Scientists make strides in tsunami warning
The 2004 tsunami led to greater global cooperation and improved techniques for detecting waves that could reach faraway shores, even though scientists still cannot predict when an earthquake will strike.
A decade ago, scientists did not have a tsunami warning system in place in the Indian Ocean, because there had been no recent history of tsunamis there.
The world's main monitoring body, the Pacific Tsunami Warning Center headquartered at Hawaii's Ewa Beach, was focused on volatile areas prone to earthquakes along the Pacific Ring of Fire, including Japan and South America.
"We weren't on the proper footing to be able to quickly respond to an event of the size that it was," Mike Angove, tsunami program branch director at the National Oceanic and Atmospheric Administration, told AFP.
After the disaster, US tsunami experts began monitoring the Indian Ocean while the international community established a new system that was eventually implemented last year.
Australia, Indonesia and India have now taken charge of a monitoring body known as the Indian Ocean Tsunami Warning System.
The United States nearly doubled its staff at the Pacific Tsunami Warning Center from eight to 15, and its tsunami warning centers in Hawaii and Alaska continue to be staffed 24 hours a day, seven days a week.
International efforts are also ramping up to establish a tsunami warning center in the Mediterranean.
"The scientific community of tsunami scientists has exploded since 2004," Eddie Bernard, scientist emeritus at NOAA, told a meeting of the American Geophysical Union in San Francisco this week.
"There were probably 100 scientists in the world before 2004, now there are at least 1,000," he said.
"There is a whole generation of scientists now that are dedicated to this problem."
While scientists still cannot say when the big earthquakes that cause tsunamis will strike, leaving coastal populations just minutes to flee to high ground, what they can do now is better predict the waves that spread to faraway shores, Angove said.
"We have made incredible progress there, in terms of being able to identify those waves as they are moving out across the deep ocean, model them and turn those into meaningful forecasts for those distant shores, and that could be as short as an hour away."
Scientists can measure these waves with the help of buoys known as Deep-Ocean Assessment and Reporting of Tsunami (DART).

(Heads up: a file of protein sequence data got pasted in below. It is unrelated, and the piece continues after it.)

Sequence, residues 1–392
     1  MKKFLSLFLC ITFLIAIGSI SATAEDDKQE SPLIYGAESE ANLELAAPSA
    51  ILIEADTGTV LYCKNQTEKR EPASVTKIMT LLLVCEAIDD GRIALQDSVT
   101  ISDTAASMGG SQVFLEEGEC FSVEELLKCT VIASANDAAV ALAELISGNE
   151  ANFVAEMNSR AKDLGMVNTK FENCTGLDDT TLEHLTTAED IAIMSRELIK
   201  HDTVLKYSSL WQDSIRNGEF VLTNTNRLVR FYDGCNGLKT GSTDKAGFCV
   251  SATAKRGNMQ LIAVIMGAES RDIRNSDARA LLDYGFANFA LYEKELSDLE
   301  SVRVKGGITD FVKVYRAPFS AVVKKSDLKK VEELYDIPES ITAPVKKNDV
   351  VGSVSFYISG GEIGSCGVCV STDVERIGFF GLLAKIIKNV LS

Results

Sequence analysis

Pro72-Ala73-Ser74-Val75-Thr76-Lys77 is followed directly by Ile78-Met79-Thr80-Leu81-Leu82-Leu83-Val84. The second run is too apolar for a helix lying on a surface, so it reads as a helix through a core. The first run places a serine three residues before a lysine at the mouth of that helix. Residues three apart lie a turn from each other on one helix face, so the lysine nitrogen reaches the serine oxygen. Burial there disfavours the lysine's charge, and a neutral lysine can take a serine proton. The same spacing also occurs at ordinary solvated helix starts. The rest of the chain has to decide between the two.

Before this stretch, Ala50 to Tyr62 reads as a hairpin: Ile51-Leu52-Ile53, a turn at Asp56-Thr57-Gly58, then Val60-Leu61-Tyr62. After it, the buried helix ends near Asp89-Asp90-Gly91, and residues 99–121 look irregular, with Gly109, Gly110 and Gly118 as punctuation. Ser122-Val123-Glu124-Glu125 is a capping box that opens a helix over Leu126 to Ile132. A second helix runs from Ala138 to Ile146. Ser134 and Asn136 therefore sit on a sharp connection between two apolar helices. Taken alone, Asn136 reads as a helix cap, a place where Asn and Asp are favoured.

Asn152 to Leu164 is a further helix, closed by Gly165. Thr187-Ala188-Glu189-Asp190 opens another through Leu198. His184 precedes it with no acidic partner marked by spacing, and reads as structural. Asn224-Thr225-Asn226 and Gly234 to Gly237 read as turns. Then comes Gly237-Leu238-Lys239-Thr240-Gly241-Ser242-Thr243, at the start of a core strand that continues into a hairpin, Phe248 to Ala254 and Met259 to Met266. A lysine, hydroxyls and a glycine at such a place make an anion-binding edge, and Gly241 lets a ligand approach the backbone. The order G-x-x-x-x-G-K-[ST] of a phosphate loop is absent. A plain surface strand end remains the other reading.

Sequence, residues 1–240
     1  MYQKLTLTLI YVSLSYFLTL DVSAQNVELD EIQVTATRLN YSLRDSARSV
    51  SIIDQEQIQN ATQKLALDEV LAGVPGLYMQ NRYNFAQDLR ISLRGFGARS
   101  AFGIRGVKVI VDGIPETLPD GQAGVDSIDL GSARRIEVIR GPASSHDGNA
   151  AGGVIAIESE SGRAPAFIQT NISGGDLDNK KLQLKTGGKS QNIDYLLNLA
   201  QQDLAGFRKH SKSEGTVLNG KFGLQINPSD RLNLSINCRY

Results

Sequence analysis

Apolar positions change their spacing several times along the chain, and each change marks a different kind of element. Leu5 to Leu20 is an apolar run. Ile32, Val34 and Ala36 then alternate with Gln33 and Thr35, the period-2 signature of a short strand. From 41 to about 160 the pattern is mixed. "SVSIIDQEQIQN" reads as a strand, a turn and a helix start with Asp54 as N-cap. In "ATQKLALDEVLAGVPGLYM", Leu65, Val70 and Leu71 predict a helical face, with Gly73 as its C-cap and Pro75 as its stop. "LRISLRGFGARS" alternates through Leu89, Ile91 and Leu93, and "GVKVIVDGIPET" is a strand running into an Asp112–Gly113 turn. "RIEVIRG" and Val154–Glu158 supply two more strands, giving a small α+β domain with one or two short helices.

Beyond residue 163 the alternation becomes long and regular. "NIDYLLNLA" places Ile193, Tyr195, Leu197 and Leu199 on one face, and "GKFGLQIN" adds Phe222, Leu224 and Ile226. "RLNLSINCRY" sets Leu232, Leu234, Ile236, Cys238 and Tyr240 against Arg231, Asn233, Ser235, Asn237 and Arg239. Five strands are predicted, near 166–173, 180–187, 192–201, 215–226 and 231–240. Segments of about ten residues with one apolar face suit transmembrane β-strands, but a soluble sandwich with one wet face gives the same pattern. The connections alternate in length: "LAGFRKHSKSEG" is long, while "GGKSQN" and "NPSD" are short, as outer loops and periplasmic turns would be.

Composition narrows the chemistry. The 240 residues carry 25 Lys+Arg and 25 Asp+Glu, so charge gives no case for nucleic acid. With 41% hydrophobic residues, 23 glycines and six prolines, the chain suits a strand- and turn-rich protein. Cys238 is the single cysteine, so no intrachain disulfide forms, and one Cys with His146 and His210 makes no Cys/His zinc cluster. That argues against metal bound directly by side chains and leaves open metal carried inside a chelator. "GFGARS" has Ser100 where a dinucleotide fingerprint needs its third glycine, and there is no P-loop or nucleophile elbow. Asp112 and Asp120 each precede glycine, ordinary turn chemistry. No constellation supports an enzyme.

Each unit has a pressure gauge on the seafloor that detects tsunami activity and send information by acoustic modem to the buoy.
Then, the buoy sends the data by satellite to the US tsunami warning centers in Hawaii and Alaska, where it is sent out over the Internet.
"In 2004 there were six buoys out," Bernard said.
"In 2014 there are 60."
Bernard said that a total of nine countries now participate in the DART system.
Global monitoring has improved, too.
In 2011, following the magnitude 9 earthquake off Japan, "there were three DART buoys that detected the tsunami first. Two American buoys and one Russian," Bernard said.
"And the Russians shared their data with us and we used that for our forecast."
Angove said that scientists in 2011 were able to "very accurately model" the wave coming from Japan and provide targeted warning to people in certain areas of the US West Coast before it made landfall.
"I think you could make the argument that there was less loss of life and property because we had that capability," said Angove.
Last year, NOAA -- which spends about $25 million per year on tsunami operations -- implemented a new tsunami flooding forecast system, so that the team can project how the water will act when it gets there and how much flooding is likely.
Many are hopeful that technology will continue to improve.
"If the same Indian Ocean tsunami were to occur today, we believe we might still lose many, but it would be on the order of tens of thousands of people as compared to 240,000," said Vasily Titov, director of NOAA's Center for Tsunami Research in Seattle.
"We've developed three generations of tsunami warning buoys and we're working on the fourth generation."
Placing buoys closer to key fault lines could shave precious minutes from the time it takes to deliver a warning, he said.